- More importantly, a wider bandwidth combats the multipath problem through higher resolution of arriving echoes in time domain after taking the transform of this phase data.
- Finally, this method works even in the absence of synchronization among nodes as detailed here.

On this topic, you might also enjoy the article on Frequency Modulated Continuous-Wave (FMCW) radar.

When we say that for a clock rate of 8MHz, one tick corresponds to 37.5m distance. Isn’t this the minimum range that can be resolved/measured?

However, incase of using sinusoidal signal, you refer this distance as maximum/unambiguous range that can be measured owing to the counter reset issue as you described (which makes sense).

However, I’m confused whether the distance corresponding to one tick or one time period of clock rate or sinusoidal signal, respectively, maps to the minimum distance that can be measured or to the maximum/unambiguous range that can be measured?

Since, minimum and unambiguous range are two different things. Kindly shed some light on it. Thanks.

It is the unambiguous range. I don’t see any limits on the minimum distance that can be measured. Do you have any reason due to which there must be a limit on the measurable minimum distance?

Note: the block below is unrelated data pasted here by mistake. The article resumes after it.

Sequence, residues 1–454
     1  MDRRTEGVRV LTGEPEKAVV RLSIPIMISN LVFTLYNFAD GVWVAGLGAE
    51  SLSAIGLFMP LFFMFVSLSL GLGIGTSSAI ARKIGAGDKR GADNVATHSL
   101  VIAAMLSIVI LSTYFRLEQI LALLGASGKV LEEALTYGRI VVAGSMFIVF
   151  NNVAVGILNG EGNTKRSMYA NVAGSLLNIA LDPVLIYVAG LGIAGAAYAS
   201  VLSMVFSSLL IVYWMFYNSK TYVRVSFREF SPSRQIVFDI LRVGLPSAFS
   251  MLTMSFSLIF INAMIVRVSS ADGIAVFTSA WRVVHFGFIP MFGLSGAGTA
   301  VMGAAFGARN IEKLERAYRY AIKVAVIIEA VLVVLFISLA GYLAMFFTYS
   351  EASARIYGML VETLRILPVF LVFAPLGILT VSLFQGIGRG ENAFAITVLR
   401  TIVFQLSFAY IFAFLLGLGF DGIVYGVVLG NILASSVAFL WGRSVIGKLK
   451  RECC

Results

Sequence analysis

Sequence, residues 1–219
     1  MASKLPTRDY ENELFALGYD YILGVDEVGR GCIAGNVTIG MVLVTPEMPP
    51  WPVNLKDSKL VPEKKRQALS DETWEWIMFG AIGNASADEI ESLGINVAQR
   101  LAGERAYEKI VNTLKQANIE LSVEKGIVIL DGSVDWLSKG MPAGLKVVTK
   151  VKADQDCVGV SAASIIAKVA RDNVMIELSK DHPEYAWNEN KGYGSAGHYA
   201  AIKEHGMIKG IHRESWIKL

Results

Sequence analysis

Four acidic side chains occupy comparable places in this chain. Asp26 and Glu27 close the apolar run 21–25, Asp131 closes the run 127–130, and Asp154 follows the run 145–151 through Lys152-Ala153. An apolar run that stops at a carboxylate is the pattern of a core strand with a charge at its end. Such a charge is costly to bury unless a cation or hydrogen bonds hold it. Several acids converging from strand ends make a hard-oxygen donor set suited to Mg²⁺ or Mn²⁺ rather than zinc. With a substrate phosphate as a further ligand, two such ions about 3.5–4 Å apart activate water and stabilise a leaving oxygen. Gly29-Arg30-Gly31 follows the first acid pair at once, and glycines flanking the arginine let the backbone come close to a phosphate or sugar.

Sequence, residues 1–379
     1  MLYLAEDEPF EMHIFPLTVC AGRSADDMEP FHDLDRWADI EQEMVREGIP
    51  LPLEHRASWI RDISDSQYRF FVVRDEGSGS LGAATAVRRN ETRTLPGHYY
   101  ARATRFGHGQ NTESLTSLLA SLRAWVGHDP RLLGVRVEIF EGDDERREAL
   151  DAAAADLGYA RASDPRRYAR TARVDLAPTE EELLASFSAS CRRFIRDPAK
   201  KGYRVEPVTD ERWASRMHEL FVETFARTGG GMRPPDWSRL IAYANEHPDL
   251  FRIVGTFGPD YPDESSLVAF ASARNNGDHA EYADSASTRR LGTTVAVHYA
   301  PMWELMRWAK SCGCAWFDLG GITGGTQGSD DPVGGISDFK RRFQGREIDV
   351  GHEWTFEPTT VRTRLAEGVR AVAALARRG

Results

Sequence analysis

Let’s say the sampling rate is same as the clock rate i.e. 8MHz. Which implies that one tick or one sample corresponds to 125ns and 18m in distance (considering two-way travel).

Let’s say that nodeB is located 10m away from nodeA. 10m of range translates to around 66ns of two-way time between nodeA and nodeB. For the ideal case, considering no processing delay at nodeB, it will take around 66ns to receive the reply signal at nodeA from nodeB. However, nodeA couldn’t sample that signal since it’s clock rate is going to wait until 125ns to pick the next sample, thereby missing any signal that arrives before its sample period time. Which, according to my understanding, gives rise to the limit on the measurable minimum distance.

Please correct me if I’m wrong. Thanks

So what you are referring to is known as range binning, something similar to quantization in ADCs. It can be reduced by averaging and interpolation. You can read the details on the effect of sampling in the report “RF Ranging for Location Awareness” Technical Report No. UCB/EECS-2009-69.

Thanks for sharing.

Hi, nice Article!

I am a little confused about Phase of Arrival method. Do we actually measure the timestamps T1, T2, T3, and T4 with uC and calculate the phase difference from these timestamps using equations 3 and 4? Or do we actually measure the phase difference directly with uC?

No, we don’t measure the timestamps in phase based approach. Instead, we measure the phase of the carrier wave that is unaffected after downconversion to baseband. It’s only the way we apply the phase difference equations that is quite similar to timestamp difference equations.